Molly Tolsky


Did you know that I used to be an ice skater? This was back when I was a little girl, when I had not yet grown into my face. Did you know that I’ve always had this face? My mother covered it in blush at the age of three and we were driving to competitions by the second grade. Did you know that now my face is creasing? You probably didn't want to know that. Would you like to hear about my first solo? I won second place and then sat in the back of our minivan and cried for about twenty minutes. Did you know that skaters put white tape over their white skates, to make them look even whiter? There can be so many layers of tape on any given foot, you’d be surprised. You might think it would start to get heavy. And talk about little known facts! Did you know you are not allowed to ice skate if you are clinically overweight? It becomes a liability. Did you know that the snack stand at the ice rink sells nachos? You are not allowed to get them if anyone is looking. Do you know what it feels like to be watched? I mean really watched, I mean fish bowl watched. I mean for three and a half minutes, a cassette tape is playing with your music on it and you are the only one on the ice doing all the silly things. You are spinning. You are jumping. You are flinging your arms into the air and then placing them onto your hips, which are popped. When you take a toe pick to the ground, you are the one everyone is watching as you try to make your poor way back up. Did you know that you can’t wear gloves for your solo? You must put your bare hands to the ice and push.

Do you know all about the double axel? You would think it’s two rotations, but in truth it’s really two and a half. That means you take off in one direction and land in the other. That means you start off moving forwards, and end up trailing back. The first time I landed a double axel, I had just turned fourteen, and I had not yet matured. Do you know what I mean by not yet matured? I am talking about puberty, which messes with your balance. Did you know I was accused of lying about my age? My mother would tell them I had delayed growth, but then they suspected her of stunting me with coffee. Did you know that I’ve never even liked the taste of coffee? Now I brew it in the mornings, just for the lovely smell. Do you do anything like that, just for the lovely smell? Caramelizing onions comes to mind, but I wouldn’t want to wake up that way. What I'd want is to wake up, a little less matured.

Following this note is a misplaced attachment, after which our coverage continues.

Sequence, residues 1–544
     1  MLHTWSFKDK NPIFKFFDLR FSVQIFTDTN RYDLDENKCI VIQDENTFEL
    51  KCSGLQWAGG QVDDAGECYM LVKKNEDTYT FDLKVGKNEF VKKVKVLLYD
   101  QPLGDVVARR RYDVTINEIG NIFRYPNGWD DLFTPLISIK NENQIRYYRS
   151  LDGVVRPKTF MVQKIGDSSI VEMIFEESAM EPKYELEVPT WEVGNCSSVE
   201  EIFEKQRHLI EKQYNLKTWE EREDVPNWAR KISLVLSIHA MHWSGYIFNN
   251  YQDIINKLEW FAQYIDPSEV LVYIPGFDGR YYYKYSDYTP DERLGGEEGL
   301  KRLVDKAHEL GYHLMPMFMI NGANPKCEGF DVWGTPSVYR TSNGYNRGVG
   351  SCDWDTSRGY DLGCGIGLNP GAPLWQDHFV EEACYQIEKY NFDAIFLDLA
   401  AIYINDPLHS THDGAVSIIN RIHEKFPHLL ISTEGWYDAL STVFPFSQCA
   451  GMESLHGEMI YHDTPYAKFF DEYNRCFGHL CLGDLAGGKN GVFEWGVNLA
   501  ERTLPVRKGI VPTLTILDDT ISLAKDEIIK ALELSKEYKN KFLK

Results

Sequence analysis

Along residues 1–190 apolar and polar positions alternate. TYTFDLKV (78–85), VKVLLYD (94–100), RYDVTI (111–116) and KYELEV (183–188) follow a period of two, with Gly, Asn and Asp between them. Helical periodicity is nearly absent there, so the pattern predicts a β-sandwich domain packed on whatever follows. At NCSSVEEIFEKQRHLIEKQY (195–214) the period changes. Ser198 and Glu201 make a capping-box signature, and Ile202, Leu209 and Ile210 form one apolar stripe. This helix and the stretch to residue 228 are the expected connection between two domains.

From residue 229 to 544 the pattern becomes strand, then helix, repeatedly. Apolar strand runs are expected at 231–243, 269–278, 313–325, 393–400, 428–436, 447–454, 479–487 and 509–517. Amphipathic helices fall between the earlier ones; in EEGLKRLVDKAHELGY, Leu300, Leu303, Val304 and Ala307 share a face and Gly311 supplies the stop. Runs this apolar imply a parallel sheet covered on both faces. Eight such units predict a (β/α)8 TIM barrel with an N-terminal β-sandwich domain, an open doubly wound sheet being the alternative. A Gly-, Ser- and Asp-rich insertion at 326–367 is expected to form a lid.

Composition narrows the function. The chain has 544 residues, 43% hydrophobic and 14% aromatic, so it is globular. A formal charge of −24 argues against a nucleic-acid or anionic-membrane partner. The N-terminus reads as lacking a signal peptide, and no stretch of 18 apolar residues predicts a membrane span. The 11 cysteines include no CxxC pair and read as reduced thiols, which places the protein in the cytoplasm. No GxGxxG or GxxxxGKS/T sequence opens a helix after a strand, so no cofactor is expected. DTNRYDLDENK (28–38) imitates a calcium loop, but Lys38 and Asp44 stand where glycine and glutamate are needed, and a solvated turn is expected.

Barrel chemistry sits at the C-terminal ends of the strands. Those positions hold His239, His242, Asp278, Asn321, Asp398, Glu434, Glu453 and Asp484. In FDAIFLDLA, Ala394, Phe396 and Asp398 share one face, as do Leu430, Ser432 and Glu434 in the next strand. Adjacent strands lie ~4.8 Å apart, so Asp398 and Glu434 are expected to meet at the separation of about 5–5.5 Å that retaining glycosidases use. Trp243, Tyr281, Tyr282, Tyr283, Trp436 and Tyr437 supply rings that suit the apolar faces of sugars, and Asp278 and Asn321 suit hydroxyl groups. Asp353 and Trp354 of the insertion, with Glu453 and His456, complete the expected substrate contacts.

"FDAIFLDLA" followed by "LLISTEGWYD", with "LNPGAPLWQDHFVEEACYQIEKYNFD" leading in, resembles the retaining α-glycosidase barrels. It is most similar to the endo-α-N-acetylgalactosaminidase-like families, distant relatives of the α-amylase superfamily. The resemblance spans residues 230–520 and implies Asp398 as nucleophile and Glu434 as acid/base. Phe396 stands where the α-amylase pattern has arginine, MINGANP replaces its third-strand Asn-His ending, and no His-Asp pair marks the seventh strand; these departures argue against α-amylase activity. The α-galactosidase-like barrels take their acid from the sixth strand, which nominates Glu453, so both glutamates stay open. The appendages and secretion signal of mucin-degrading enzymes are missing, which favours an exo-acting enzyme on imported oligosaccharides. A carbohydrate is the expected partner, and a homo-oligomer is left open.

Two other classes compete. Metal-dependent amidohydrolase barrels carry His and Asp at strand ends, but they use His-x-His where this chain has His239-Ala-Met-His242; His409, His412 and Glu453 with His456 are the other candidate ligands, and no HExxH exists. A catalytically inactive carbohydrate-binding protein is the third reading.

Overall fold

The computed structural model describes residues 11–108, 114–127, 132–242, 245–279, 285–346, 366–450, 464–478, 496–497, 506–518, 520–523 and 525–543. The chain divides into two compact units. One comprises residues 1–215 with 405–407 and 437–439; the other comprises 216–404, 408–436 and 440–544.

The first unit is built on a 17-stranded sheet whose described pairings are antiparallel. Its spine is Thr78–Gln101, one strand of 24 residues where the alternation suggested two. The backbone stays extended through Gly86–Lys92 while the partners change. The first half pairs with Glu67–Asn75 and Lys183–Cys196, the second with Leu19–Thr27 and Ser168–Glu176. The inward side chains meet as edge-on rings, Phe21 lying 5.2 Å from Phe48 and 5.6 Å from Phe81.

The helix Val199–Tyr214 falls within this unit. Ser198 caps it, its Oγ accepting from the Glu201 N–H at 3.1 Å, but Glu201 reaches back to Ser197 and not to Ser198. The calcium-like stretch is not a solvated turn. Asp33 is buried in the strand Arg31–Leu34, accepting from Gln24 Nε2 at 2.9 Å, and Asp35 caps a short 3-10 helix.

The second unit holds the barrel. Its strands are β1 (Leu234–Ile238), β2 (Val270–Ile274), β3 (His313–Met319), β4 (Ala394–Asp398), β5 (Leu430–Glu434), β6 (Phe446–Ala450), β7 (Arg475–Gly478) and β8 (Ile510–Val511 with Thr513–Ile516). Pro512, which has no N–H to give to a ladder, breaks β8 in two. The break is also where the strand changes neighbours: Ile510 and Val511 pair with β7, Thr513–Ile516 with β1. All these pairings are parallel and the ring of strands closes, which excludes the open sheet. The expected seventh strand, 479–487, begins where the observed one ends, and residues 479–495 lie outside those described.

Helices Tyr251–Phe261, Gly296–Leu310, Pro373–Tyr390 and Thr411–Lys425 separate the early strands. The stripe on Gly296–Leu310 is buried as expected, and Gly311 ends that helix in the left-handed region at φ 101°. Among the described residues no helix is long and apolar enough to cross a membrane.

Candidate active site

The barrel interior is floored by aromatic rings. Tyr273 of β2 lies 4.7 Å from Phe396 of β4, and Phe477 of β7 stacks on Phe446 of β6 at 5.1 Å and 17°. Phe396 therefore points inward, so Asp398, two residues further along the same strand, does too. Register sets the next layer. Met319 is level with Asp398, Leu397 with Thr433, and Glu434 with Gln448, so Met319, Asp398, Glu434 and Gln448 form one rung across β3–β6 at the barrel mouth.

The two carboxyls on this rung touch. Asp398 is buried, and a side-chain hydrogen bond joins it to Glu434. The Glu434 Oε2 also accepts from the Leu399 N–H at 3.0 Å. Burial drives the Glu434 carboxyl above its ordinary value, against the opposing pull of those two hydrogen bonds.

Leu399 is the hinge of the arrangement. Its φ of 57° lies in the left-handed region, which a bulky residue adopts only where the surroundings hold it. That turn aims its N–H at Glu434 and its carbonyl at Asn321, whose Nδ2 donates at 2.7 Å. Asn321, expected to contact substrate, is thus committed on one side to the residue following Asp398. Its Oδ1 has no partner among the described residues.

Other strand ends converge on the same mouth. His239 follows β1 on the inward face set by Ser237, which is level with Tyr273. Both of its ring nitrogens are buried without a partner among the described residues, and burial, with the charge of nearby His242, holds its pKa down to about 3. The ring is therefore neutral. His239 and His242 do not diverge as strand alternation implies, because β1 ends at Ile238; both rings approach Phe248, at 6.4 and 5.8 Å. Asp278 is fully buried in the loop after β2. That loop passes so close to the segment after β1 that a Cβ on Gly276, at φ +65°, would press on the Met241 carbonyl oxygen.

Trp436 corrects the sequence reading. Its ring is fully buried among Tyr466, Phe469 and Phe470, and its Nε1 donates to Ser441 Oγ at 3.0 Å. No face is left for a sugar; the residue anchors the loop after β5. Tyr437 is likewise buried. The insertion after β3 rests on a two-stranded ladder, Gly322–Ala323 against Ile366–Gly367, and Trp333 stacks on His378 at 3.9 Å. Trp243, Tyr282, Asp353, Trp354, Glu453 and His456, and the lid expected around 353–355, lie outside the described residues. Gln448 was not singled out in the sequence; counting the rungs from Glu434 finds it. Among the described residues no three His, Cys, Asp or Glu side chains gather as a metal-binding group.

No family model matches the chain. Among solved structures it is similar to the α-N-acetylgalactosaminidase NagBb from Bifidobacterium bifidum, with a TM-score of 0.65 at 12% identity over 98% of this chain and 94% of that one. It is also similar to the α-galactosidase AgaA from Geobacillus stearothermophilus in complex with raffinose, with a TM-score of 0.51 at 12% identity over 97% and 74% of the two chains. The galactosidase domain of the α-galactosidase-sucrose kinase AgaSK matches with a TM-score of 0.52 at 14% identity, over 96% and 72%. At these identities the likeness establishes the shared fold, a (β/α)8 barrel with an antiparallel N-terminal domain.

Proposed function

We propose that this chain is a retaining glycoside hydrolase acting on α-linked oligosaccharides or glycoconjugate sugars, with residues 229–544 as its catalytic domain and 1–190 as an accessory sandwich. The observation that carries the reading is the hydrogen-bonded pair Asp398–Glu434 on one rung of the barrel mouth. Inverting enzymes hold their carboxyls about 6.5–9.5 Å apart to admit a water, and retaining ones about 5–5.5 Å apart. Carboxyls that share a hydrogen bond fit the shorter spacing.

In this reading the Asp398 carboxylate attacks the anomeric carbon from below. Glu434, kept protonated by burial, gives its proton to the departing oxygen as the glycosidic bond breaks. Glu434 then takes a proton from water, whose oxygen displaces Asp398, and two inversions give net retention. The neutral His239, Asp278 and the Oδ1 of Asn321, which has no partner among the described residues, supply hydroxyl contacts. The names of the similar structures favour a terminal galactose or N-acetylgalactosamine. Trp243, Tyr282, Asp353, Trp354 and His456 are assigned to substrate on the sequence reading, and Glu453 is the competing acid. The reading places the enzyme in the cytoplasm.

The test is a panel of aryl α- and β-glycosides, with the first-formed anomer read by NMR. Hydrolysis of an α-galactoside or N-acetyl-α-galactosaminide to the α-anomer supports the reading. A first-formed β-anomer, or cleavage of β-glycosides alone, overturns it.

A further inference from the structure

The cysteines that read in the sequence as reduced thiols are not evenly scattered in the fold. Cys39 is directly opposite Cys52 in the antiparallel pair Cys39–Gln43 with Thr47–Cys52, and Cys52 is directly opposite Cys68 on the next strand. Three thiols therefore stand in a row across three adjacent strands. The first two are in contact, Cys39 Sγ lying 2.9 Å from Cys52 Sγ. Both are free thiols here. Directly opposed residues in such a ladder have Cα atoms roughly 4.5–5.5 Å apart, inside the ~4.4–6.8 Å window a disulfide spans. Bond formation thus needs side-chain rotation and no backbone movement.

Did you know I was once a member of a team? It was the regional high school Ice Capades of St. Louis. We accepted a gig to perform in Chicago, but our bus never made it past the state line. Do you know how many rental cars it takes to fit all the members of the regional high school Ice Capades of St. Louis? The answer is seven. The answer is we could only afford to go back home. I do have to be honest with you about one thing: it was not the bus’s fault. The bus driver died at a red light. Did you know that if your bus driver dies, you still have to take your finals the next Monday? High school does not care about bereavement. High school is actually the worst place for those who grieve, because the lights are fluorescent and there’s no place to hide your ish. Ish is the word my mother always used to describe any unwanted feelings you may have. Ish is pretty much everywhere, the week your bus driver dies and you have to test in math.